Food Runner, which says it’s the number one online food delivery service in Southeast Asia by revenue, announced that it has acquired City Delivery, a Philippine company which delivers restaurant food, groceries, flowers, and other items. Neither party has revealed the terms of the deal.
This acquisition is a core component of Food Runner’s expansion strategy. The business started out as Dealivery, which was part of Singapore-based group buying company DealGuru. Dealivery later purchased Asian Room Service, a food delivery firm which serves customers in Singapore, Malaysia, and Indonesia.
Then in June 2013, DealGuru spun off the food delivery unit into a separate business entity and renamed it Food Runner.
These acquisitions, including City Delivery, make sense for Food Runner because they marry its e-commerce and online marketing expertise with the target’s local knowhow, delivery network, and relationships with food establishments.
Why local knowledge matters
It’s an approach that contrasts with Germany’s Rocket Internet, which tends to parachute management consultants into its markets to manage local teams. Rocket Internet also runs FoodPanda, a global food delivery company with US$48 million in funding (not all the money goes into Southeast Asia).
Ashley Co Kehyeng, founder of City Delivery, notes that local infrastructure and knowledge is critical to succeed in food delivery in emerging markets. The company relies on traditional marketing methods like brochures to get new customers, and operates a command center powered by Google Maps and GPS to find optimal routes in the traffic-heavy metro areas of Manila.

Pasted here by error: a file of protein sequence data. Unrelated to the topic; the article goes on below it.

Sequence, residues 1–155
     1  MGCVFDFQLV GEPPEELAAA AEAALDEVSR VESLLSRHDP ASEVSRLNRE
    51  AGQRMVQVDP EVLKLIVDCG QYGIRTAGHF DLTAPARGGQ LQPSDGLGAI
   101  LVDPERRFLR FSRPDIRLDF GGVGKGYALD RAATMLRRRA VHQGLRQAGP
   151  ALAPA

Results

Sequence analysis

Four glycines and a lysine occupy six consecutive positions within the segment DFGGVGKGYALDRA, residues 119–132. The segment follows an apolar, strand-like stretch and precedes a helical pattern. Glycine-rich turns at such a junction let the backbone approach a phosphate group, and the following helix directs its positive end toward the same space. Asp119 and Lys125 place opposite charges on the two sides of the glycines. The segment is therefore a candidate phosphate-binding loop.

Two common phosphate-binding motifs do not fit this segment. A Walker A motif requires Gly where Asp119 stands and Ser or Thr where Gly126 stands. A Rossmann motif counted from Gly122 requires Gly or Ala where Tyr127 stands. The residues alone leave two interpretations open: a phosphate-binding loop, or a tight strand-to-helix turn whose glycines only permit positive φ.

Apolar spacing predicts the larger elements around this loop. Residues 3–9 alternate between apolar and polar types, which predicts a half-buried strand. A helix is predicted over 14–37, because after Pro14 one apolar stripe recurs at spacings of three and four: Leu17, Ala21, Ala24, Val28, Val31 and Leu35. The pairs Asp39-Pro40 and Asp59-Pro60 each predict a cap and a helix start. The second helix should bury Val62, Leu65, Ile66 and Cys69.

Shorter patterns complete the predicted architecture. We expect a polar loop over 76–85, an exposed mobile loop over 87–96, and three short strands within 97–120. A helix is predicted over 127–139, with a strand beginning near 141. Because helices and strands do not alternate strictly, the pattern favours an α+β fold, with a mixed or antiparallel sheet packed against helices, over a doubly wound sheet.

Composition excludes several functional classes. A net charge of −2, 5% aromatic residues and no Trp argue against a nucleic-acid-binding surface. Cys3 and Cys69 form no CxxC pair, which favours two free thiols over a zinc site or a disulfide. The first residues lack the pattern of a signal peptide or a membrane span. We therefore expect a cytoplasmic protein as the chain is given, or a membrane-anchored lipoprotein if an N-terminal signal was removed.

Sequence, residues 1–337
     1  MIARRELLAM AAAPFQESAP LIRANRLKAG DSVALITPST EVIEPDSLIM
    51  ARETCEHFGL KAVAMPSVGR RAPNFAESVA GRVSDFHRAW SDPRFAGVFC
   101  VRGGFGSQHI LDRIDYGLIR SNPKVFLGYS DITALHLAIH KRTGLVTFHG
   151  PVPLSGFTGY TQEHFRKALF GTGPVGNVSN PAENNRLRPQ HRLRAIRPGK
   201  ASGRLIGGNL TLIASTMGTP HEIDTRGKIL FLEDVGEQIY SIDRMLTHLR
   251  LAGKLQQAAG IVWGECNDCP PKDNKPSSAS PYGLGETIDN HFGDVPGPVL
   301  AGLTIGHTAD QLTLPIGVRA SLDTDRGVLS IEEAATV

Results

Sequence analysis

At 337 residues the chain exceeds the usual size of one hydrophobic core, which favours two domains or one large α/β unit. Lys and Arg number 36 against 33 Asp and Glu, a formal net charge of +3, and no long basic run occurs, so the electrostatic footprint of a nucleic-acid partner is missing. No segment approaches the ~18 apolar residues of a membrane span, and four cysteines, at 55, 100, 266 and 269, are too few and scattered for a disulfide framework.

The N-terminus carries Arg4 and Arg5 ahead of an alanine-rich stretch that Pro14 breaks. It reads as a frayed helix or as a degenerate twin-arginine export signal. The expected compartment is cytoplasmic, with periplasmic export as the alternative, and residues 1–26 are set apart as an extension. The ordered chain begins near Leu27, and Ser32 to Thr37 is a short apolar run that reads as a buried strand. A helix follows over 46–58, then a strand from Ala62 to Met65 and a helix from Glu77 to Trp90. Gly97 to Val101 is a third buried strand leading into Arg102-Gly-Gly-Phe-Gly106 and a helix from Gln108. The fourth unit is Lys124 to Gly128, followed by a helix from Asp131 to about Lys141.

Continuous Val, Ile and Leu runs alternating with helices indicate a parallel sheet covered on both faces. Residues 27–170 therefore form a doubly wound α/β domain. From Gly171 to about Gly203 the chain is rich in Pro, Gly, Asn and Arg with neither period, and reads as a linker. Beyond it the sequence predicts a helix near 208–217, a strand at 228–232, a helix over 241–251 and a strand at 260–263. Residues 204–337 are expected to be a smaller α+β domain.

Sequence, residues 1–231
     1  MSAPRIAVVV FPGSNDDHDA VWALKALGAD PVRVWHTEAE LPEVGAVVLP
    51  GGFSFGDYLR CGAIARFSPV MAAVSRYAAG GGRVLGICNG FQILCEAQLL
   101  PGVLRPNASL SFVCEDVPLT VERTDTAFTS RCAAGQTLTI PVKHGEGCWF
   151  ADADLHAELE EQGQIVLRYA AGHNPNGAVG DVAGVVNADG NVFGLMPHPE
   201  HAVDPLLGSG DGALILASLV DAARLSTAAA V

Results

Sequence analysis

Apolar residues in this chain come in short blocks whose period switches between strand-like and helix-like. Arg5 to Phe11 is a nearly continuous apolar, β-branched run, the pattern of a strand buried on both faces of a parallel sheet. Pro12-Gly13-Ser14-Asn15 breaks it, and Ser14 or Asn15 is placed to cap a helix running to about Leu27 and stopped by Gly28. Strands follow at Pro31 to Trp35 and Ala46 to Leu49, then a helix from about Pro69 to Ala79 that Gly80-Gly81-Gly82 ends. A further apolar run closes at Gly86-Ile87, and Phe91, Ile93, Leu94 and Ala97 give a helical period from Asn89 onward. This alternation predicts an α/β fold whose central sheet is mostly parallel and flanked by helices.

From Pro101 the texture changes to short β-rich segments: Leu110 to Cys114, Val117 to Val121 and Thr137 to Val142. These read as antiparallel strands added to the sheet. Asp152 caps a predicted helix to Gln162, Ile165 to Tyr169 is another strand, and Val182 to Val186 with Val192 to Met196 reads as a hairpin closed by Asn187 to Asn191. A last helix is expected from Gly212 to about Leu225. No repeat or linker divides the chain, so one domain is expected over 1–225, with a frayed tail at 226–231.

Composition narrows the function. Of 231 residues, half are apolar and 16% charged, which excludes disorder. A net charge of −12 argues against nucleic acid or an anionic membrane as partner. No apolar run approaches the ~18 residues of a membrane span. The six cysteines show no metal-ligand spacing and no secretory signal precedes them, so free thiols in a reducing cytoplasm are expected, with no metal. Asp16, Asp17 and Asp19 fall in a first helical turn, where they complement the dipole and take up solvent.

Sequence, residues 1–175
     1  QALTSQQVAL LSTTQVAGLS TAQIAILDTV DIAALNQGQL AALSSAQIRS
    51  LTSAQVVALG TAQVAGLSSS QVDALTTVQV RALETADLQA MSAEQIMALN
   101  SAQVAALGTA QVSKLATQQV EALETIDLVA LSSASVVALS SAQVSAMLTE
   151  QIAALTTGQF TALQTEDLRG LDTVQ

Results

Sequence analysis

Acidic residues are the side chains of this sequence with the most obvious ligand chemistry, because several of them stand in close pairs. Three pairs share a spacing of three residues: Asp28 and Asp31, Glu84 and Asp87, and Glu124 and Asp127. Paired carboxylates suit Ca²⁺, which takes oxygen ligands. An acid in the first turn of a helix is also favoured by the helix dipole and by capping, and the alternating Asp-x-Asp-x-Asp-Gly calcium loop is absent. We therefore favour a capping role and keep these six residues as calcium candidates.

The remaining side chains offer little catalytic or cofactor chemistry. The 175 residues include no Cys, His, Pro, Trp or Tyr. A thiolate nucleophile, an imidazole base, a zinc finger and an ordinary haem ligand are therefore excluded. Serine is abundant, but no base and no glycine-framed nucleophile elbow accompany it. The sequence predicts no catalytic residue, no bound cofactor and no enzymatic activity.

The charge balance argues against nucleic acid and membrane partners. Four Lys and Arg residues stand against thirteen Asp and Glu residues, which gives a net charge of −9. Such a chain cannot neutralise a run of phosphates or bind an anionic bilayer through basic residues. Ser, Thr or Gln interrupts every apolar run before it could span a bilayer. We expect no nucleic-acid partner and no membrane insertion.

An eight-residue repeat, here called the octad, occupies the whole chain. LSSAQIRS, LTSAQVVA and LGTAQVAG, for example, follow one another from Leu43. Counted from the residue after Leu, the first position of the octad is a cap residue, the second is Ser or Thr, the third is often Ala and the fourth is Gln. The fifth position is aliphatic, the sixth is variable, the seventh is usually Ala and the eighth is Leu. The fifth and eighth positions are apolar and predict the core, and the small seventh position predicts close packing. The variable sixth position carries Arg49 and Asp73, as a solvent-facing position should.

“Our riders would call back to the center to update about traffic conditions. Other times we rely on news reports,” says Kehyeng.
City Delivery adds a sizable chunk of business into Food Runner’s embrace. According to Lance Frey, CEO of Food Runner, City Delivery piled on at least 60 percent to its existing order volume. They plan to expand their services to second-tier Philippine cities like Cebu and Davao.
Without accounting for City Delivery’s business, Food Runner has already been seeing at least 40 percent year-on-year revenue growth. It is currently profitable in Malaysi and breaking even in Singapore. But Frey notes that its profitable markets tend to be ones where the company has the longest presence. So, he expects the Philippines to pick up in revenue soon.
The company earns money through a combination of service fees and commission from restaurants. There is no backend for restaurants to manage – Food Runner takes care of the entire service for clients. That makes it akin to a traditional e-commerce company in many respects with an emphasis on high volumes, low margins, and customer loyalty.
Latching onto the rocket
Online food delivery services are certainly familiar to Western audiences, who would have used websites like Grubhub in the United States and Delivery Hero in Europe.
In Asia, such services are just starting to gain prominence, and trust still needs to be earned among consumers in emerging markets. Food Runner has seen customers in Singapore preferring online orders over phone calls. In the Philippines, however, people still prefer to dial. It aims to eventually nudge consumers towards online orders, which is more scalable.
Food Runner has a pedigree steeped in e-commerce. Its original parent company, DealGuru, was backed by Rebate Networks, another German e-commerce investor. Food Runner’s backer, Digital Media Partners (DMP), has also been funding startups across the entire e-commerce spectrum.
Dmitry Levit, general partner at DMP, said that startups typically have a few ways to react to Rocket Internet’s presence: “You either ignore them, compete head-on and die, or follow their slipstream and ride on their growth,” he said.
The company hopes that its expansion-through-acquisition approach can give it an edge against the more well-funded FoodPanda. Nonetheless, Frey believes the market is big enough for two players.
“Our orders bump up whenever FoodPanda did their marketing push,” he said.
(Editing by Steven Millward)
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